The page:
Gilenya Labels to be Updated to Include Warnings for PML Cases
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On August 4, 2014, the Food and Drug Administration (FDA) announced labels for Novartis’ Gilenya will be revised to include information about a case of progressive multifocal leukoencephalopathy (PML) and another probable case of PML. Gilenya is a treatment used for patients with relapsing forms of multiple sclerosis.

These are the first PML cases reported in patients who have not taken another immunosuppressant for MS or any other condition. In August 2013, the FDA did report a case where a patient developed PML after taking the treatment. However, the patient was also treated with other immunosuppressants in addition to Gilenya.

PML is a rare, opportunistic infection of the brain which causes severe damage to the white matter. It can occur in people who have weakened immune systems and have been infected with the John Cunningham (JC) virus. The JC virus is a common virus and harmless in most people except those with weakened immune systems.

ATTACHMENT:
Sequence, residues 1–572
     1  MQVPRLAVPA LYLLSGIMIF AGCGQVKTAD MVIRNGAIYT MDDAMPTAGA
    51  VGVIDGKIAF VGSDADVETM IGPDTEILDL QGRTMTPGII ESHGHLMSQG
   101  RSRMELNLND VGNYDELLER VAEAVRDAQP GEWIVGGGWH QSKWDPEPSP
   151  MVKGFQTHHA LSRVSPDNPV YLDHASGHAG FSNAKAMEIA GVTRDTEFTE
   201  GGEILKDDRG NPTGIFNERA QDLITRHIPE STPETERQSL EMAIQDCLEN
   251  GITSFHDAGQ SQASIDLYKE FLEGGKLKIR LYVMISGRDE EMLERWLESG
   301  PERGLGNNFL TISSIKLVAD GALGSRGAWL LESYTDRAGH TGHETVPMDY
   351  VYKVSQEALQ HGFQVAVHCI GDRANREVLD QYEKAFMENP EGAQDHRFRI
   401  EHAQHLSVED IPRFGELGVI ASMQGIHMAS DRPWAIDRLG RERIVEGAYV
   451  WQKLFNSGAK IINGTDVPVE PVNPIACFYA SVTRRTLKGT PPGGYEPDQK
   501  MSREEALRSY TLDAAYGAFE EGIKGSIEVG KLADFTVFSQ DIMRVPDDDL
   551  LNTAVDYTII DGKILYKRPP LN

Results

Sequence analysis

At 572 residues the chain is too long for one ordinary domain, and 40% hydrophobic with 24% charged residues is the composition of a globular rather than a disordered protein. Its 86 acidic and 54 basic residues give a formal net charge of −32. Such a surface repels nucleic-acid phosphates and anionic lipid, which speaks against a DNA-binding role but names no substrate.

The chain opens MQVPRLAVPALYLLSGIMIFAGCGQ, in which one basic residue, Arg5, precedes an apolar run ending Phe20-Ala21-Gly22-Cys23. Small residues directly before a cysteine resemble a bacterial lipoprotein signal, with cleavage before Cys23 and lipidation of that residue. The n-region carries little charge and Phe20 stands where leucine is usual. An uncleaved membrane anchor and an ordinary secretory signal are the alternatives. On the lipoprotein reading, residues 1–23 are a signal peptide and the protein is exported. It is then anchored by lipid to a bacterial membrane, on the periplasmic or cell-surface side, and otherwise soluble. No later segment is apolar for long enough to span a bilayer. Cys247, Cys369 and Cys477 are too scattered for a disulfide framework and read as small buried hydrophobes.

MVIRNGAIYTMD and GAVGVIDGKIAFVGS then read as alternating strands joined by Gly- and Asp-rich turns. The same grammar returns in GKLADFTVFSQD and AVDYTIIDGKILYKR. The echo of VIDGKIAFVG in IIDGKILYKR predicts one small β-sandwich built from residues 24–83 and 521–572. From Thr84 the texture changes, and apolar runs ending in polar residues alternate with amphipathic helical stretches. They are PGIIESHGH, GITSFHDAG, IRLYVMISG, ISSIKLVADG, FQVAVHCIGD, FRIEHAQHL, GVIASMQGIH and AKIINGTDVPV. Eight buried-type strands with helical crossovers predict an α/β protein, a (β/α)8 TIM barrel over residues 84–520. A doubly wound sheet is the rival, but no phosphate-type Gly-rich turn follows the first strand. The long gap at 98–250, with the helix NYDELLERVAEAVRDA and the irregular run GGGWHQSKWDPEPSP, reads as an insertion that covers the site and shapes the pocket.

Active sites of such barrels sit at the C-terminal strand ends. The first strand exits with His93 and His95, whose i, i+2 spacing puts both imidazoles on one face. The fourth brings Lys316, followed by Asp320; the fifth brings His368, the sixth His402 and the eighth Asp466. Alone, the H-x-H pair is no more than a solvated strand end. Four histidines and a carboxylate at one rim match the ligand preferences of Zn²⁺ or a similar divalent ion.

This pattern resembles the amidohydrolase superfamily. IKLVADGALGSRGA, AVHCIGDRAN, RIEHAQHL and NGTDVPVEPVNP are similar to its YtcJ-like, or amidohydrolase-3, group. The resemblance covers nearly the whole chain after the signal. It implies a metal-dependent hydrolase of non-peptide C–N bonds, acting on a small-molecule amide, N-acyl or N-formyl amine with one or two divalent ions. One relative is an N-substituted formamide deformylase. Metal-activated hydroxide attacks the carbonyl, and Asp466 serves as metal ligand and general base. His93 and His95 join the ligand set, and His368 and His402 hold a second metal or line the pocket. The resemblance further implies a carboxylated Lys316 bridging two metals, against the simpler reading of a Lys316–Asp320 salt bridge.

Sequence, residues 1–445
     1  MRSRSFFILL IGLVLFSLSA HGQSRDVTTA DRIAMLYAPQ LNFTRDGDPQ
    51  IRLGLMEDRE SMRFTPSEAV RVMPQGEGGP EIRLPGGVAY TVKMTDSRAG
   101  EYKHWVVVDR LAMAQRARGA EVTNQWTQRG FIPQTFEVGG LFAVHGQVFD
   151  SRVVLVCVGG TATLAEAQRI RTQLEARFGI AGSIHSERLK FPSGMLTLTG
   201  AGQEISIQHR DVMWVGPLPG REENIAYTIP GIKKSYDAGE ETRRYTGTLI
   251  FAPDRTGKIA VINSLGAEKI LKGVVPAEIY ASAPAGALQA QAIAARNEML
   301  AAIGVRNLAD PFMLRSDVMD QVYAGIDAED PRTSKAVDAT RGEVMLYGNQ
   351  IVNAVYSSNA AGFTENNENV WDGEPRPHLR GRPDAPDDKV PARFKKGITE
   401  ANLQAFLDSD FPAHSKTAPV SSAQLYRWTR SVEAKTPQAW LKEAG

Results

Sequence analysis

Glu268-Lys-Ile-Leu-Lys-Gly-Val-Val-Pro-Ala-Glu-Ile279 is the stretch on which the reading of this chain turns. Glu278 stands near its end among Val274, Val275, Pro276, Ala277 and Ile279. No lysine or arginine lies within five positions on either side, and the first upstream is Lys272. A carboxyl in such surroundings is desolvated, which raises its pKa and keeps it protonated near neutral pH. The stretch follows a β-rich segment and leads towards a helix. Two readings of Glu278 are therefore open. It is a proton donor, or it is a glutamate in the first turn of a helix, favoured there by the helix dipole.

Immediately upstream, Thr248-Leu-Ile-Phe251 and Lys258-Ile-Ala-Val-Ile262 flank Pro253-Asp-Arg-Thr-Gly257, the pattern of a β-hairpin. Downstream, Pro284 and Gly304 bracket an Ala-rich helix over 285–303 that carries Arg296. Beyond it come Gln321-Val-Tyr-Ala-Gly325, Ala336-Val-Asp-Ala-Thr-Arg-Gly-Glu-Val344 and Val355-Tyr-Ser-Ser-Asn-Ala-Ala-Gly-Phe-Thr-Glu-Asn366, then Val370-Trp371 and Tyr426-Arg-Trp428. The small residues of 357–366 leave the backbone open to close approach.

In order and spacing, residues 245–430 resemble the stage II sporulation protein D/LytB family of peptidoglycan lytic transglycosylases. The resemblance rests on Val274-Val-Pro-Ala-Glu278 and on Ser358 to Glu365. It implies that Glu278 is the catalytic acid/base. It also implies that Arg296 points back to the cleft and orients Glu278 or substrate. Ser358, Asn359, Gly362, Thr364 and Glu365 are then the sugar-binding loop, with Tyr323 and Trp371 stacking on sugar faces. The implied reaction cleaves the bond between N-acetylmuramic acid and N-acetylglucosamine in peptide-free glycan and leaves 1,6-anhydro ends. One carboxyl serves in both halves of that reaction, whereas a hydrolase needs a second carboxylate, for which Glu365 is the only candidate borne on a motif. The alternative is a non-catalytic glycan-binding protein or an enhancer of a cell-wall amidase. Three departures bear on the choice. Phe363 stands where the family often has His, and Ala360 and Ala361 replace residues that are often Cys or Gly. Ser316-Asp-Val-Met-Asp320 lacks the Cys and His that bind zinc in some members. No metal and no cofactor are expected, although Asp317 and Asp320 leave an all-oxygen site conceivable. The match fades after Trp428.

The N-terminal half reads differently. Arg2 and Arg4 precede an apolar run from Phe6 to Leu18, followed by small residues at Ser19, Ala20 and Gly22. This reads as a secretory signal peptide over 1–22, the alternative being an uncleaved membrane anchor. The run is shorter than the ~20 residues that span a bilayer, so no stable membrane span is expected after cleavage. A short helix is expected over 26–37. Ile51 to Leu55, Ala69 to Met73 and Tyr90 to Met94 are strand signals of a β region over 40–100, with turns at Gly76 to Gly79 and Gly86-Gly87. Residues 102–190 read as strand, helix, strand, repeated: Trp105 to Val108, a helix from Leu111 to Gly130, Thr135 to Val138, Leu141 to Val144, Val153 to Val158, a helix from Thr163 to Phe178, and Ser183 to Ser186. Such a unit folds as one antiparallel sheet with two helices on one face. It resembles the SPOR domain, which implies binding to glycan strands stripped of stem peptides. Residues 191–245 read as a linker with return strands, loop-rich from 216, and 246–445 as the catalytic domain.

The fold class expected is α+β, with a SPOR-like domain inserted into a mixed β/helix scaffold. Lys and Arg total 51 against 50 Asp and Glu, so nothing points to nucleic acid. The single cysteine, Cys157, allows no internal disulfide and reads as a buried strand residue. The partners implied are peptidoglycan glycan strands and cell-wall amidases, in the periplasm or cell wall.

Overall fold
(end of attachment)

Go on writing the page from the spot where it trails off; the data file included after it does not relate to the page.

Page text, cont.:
Patients taking the treatment should contact their doctor immediately if they experience symptoms including new or worsening weakness, increased issues using arms or legs, or changes in cognitive function, vision, strength or balance. Patients should not stop taking the treatment until they discuss with their doctor. The FDA also urges healthcare professionals and patients to report any side effects from the treatment to the FDA MedWatch.

Gilenya was approved for use in the United States in 2010 and in Europe in 2011. Label revisions also occurred in Biogen Idec’s Tecfidera in November 2014 and Biogen Idec’s Tysabri in 2009.1,2

For more information regarding updates to Gilenya’s label, visit the FDA’s announcement.

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